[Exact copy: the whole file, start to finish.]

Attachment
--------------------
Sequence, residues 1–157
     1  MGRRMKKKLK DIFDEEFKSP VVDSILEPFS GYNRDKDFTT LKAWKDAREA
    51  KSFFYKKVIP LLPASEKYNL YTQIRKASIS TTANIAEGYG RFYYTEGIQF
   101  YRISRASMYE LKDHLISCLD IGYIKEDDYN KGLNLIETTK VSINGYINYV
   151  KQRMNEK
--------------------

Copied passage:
Sequence, residues 1–157
     1  MGRRMKKKLK DIFDEEFKSP VVDSILEPFS GYNRDKDFTT LKAWKDAREA
    51  KSFFYKKVIP LLPASEKYNL YTQIRKASIS TTANIAEGYG RFYYTEGIQF
   101  YRISRASMYE LKDHLISCLD IGYIKEDDYN KGLNLIETTK VSINGYINYV
   151  KQRMNEK